THE WARSAW INSTITUTE REVIEW

Date: 15 May 2017    Author: Rafał Zgorzelski, PHD

A Strong Poland in Europe

Poland, interested in good cooperation with France, Germany and its other European partners, has an essential role to play in the process of returning to the roots and ideas that illuminated the founding of the European Union. Poland needs a strong Europe, and Europe, the European Union, needs a strong Poland, open to cooperation with countries of the “Old Union”, and politically active in East-Central Europe.


© Charles Platiau (PAP/EPA)

Poland’s critics: Macron, Timmermans, Schulz

On Sunday, May 7, 2017, the second round of the French presidential election took place, ending in the victory of center-left politician Emmanuel Macron, the leader of the En Marche! movement (which recently changed its name to République En Marche!). Macron received 66.1% (20,753,798 votes), with 33.9% (10,644,118 votes) cast for his opponent, Marine Le Pen, president of the Front National (a position that she temporarily stepped down from on April 24, 2017, to focus on campaigning during the second round of elections), amidst 74.62% voter turnout, the lowest in France since 1969. It’s worth noting that 12 million eligible voters did not take part in the election, while over 4 million voters cast incomplete or invalid ballots

In his presidential campaign, Emmanuel Macron repeatedly stressed that he would do everything in his power to keep France faithful to its republican principles of “freedom, equality and fraternity,” and declared the building of a strong position for his country in the European Union, as well as the implementation of reforms that would bring flexibility to the labor market and restore the competitiveness of the French economy. In foreign policy, Macron clearly wants to tighten relations with Berlin, which is meant to strengthen the French economy.

During the election campaign, Macron repeatedly issued strong warnings that he would push to introduce EU sanctions against Poland for alleged labor cost dumping (social dumping), especially after the Whirlpool Corporation decided to relocate its facilities from Amiens in France to Poland, and for Poland’s disloyalty regarding the migrant situation (Emmanuel Macron is in favor of the uniform distribution of refugees across EU countries). He was particularly uncomplimentary towards Jarosław Kaczyński, President of Law and Justice, the party currently governing Poland. He not only called him Marine Le Pen’s “friend and ally”, but more notably lumped him into the same group as Hungarian Prime Minister Viktor Orbán and Russian President Vladimir Putin. This last judgement, to put it very gently, leaves doubt as to his competence in international diplomacy.

Emmanuel Macron eagerly uses rhetoric and slogans of democratic values ​​such as freedom, equality and fraternity, that speaks to a large part of European public opinion. On the other hand – and it’s hard to fault him for it – he is pushing slogans in favor of strengthening the position of the French economy (leaving aside the question of whether his proposed reforms can actually achieve their stated goals). He  understands the terms “freedom, equality and brotherhood”, as correct when it comes to securing the interests of his own country and the interests of his closest allies for the purpose of bringing his political visions to reality. The same concepts are seen as wrong, when respect for such rights (including the right to strengthen one’s own position, economy, place in international politics and the presentation and implementation of one’s own ideas) is demanded by other countries, like Poland and Hungary.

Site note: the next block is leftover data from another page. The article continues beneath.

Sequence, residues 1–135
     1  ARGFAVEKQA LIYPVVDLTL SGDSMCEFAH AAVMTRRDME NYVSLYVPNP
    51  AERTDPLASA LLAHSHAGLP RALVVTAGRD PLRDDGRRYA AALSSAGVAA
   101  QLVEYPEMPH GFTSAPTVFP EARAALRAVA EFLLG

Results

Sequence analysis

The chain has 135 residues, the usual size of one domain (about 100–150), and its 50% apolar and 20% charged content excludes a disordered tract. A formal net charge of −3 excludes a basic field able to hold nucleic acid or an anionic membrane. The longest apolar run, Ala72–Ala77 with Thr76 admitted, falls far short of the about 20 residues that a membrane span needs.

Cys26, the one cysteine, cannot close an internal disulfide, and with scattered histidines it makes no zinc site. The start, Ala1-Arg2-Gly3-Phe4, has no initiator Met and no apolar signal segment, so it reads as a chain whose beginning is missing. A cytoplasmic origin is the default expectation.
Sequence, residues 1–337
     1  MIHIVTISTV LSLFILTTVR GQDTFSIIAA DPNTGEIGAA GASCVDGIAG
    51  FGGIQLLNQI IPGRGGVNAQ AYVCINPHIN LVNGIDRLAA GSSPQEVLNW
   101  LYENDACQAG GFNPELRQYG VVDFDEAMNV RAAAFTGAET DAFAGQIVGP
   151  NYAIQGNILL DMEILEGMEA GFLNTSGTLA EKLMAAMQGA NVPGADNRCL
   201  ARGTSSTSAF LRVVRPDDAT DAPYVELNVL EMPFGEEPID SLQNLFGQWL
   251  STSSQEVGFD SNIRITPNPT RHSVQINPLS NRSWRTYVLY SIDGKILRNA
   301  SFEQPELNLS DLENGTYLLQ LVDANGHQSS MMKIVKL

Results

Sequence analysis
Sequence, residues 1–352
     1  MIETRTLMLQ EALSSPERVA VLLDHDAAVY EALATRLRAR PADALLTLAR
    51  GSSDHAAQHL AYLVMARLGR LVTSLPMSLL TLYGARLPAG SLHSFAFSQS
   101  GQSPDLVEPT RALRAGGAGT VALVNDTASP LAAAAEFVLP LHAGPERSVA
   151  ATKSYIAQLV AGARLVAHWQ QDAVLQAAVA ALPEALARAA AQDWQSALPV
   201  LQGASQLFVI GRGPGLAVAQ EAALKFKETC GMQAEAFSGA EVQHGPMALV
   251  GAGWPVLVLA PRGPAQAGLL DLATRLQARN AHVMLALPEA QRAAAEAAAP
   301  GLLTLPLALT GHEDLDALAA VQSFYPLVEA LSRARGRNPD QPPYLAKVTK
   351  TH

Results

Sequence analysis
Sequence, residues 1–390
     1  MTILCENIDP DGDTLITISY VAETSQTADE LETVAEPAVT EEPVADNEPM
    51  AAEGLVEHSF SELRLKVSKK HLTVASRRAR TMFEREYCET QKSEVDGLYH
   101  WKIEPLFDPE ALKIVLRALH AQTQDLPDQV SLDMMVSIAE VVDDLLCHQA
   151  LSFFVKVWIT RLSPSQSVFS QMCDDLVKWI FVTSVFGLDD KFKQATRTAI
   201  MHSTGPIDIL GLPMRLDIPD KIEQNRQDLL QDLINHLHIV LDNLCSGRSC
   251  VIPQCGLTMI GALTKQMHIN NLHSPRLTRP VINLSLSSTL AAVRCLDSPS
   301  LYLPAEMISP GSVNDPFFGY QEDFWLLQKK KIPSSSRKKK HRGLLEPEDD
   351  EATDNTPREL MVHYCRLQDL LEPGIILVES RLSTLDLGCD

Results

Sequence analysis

As an example, Macron underscores the need for Poland’s loyalty towards the EU. Nevertheless, as Minister of Economy, Industry and Digital Affairs (2014-2016), in the government of Manuel Valls, the current President of France co-created the Loi Macron act of 2015, which was strongly opposed by his Polish allies, and was de facto aimed at Polish truck drivers, with the goal of weakening their strong position in the international transport sector. He supported a legal regulation that clearly discriminated against foreign competition. We will return to the question of France and loyalty later.

One of the leading critics of the reforms being implemented by the Law and Justice government, is the left-wing, Dutch politician and diplomat, national deputy, foreign minister in the government of Mark Rutte (2012 – 2014), and the current Vice-President of the European Commission, Frans Timmermans. He has repeatedly pointed out that the current situation in Poland allegedly constitutes a “fundamental threat to the rule of law” and has threatened EU sanctions against Poland. He has spoken out about Hungary in a similar way. He also emphasized that the European Union is built on values that include respect for democracy. Timmermans has been especially critical towards the Polish authorities’ actions against the judiciary, which is perhaps one of the most pathologically functioning institutions in the country, and undoubtedly in need of thorough reforms. The justice system today being one of the key legacies of the postcommunist reality.